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Oldham teacher is warning of the dangers of Sepsis after nearly dying

Reporter: Carl Hartley
Date published: 15 February 2019


A teacher from Oldham is warning of the devastating impact of Sepsis after she nearly died following contracting the illness.

Candice Clement, is lucky to be alive after the disease - which kills 52,000 people every year - left her in hospital for nearly six months.

The "silent killer" as it's known has left the 54-year-old with parts of her feet amputated - but she knows it could have been far worse.

Mrs Clement's family were told she wouldn't make it through the night as her organs began to shut down after being rushed to hospital by her husband.

"After I'd been put in to an induced coma, my husband was told to expect the worse."

The supply teacher, who lives in Delph was teaching at St Mary's C.E Primary School when she started to feel a bit under the weather.

She thought it was just a bit of a bug but by lunchtime she had to come home;

"When I went to work that morning, I had no symptoms. By midday I had pains in my side and couldn't stay at work so made the decision to come home.

As I began to feel even worse I rang the NHS helpline but was told to eat some dry toast and if it then continues to get worse to go to A&E."

Since contracting Sepsis in 2010, Candice has had many operations to try and save her legs from amputation and a reconstruction to her left heal.

The illness has left her with partial amputations on her feet.

Candice with her shih tzu Bruce
Candice with her shih tzu Bruce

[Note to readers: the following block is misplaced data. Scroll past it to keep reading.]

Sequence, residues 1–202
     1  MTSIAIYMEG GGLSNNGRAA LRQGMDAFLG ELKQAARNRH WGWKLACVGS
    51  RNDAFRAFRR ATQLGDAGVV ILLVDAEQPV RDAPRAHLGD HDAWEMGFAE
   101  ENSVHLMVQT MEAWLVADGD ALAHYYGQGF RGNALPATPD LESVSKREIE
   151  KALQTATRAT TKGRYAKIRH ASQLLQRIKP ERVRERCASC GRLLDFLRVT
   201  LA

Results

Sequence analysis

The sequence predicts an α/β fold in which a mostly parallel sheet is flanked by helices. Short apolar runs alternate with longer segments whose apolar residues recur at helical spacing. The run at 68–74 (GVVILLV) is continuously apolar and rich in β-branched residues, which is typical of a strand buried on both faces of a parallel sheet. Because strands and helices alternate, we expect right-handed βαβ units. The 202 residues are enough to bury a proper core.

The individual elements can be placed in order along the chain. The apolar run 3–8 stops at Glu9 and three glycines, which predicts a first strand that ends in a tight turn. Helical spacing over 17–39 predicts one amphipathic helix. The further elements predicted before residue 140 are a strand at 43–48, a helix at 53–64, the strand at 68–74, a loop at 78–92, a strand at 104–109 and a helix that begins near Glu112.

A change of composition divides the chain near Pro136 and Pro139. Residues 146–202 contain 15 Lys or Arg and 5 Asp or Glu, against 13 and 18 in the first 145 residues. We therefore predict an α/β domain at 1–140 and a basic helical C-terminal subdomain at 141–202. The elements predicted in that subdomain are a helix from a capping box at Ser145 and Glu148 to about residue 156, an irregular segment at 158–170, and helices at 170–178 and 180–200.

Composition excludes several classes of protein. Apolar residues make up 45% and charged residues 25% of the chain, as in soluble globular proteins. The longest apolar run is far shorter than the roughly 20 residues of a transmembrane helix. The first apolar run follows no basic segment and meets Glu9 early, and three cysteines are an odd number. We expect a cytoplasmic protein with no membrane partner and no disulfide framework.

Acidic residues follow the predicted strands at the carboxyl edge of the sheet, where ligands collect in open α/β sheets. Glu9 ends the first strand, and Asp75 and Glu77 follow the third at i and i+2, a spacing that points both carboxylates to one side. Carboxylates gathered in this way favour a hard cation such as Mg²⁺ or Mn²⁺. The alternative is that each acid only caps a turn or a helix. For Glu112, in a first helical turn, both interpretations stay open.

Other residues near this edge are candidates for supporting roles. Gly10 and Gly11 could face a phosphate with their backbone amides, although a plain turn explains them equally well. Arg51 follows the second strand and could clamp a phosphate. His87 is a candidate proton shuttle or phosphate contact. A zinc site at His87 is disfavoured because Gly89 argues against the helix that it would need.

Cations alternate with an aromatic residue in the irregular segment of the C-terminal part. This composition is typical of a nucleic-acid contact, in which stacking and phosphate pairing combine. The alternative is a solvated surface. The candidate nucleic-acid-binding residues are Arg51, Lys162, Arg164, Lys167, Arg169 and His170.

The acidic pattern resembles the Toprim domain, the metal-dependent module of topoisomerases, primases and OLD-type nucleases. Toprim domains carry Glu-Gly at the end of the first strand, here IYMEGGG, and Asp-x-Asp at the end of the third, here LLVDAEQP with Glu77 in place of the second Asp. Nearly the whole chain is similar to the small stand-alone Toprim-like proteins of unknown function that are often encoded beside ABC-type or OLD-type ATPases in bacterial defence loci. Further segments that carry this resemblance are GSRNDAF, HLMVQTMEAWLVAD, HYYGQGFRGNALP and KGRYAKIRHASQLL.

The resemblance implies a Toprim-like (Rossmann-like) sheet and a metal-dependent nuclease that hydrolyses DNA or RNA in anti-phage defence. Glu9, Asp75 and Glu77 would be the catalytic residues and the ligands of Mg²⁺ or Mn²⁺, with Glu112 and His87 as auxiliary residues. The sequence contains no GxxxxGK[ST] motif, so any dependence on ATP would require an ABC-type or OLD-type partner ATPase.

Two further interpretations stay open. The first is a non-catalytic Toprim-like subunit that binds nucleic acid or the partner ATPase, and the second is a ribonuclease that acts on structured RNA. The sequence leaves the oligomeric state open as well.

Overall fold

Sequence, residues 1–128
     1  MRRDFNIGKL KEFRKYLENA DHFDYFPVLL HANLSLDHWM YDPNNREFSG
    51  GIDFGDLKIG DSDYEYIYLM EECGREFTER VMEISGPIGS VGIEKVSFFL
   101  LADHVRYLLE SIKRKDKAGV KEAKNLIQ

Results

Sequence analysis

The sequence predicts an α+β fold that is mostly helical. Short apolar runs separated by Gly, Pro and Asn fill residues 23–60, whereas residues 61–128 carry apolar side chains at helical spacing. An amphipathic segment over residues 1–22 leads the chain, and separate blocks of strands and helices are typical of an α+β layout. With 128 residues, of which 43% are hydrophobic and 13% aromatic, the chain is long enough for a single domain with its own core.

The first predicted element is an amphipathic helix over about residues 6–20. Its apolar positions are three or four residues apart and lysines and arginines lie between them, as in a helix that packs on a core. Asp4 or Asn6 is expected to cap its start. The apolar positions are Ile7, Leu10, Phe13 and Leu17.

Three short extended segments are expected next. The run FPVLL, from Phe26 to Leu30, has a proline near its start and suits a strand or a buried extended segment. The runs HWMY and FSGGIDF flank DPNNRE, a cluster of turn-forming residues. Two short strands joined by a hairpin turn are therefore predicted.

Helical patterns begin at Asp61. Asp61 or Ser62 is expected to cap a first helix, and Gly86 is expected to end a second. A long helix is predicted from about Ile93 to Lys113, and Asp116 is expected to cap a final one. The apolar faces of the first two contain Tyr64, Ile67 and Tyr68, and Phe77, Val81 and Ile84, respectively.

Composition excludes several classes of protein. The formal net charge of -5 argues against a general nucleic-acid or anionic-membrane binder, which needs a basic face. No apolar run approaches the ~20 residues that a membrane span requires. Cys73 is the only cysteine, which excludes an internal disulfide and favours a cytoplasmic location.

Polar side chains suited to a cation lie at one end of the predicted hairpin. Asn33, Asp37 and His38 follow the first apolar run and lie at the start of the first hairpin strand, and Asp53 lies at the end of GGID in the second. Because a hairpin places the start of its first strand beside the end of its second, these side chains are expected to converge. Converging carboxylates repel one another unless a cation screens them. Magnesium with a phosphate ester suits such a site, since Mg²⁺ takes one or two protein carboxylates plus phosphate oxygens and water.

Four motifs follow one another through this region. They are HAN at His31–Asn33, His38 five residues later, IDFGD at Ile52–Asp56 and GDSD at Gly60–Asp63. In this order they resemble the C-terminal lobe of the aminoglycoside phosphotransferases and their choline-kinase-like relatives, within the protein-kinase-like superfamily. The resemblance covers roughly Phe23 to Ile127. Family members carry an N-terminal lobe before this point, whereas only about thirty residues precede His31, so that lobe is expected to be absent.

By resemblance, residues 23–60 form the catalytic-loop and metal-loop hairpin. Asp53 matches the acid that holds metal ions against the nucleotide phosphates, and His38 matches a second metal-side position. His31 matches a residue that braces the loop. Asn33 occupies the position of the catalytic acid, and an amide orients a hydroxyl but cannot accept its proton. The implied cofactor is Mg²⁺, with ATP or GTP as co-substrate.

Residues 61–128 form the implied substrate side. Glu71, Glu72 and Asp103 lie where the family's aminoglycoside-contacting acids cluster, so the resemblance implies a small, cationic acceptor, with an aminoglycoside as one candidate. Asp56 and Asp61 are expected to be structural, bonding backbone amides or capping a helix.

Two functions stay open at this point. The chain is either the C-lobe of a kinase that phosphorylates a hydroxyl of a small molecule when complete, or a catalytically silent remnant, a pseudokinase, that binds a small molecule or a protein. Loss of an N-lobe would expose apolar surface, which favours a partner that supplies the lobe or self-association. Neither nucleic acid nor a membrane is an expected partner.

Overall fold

Sepsis, also known as blood poisoning, is the reaction to an infection in which the body attacks its own organs and tissues.

The disease is potentially life-threatening if left untreated, it can lead to multiple organ failure and death.

Dr Ron Daniels BEM, founded the UK Sepsis Trust in 2012 after seeing too many people die needlessly from sepsis in his role as an NHS Consultant.

The organisation has a clear mission to save lives and improve outcomes for survivors of sepsis by instigating political change, educating healthcare professionals, raising public awareness, and providing support for those affected.

He says "Stories like Candice's remind us of the devastating human cost of sepsis. Every day in the UK, individuals and families have their lives torn apart by the condition, and a quarter of survivors suffer lasting consequences. 

Whenever there are signs of infection it's crucial that healthcare professionals 'think sepsis': with every hour that passes before the right antibiotics are administered, risk of death increases. Earlier recognition and treatment could save thousands of lives every year in the UK and hugely improve outcomes for those affected." 

The Trust claim earlier identification and treatment across the UK would save 14,000 lives and result in 400,000 fewer days in hospital for patients every year.

Their goal is to end preventable deaths from sepsis and improve outcomes for survivors and, with better awareness, we can save 14,000 lives a year and transform the way sepsis is handled in the UK.

Some of the signs of sepsis

Seek medical help urgently if the person you are caring for develops any of these signs:

  • Slurred speech or confusion
  • Extreme shivering or muscle pain
  • Passing no urine (in a day)
  • Severe breathlessness
  • It feels like you’re going to die
  • Skin mottled or discoloured

You can find more information about the Sepsis Trust here.


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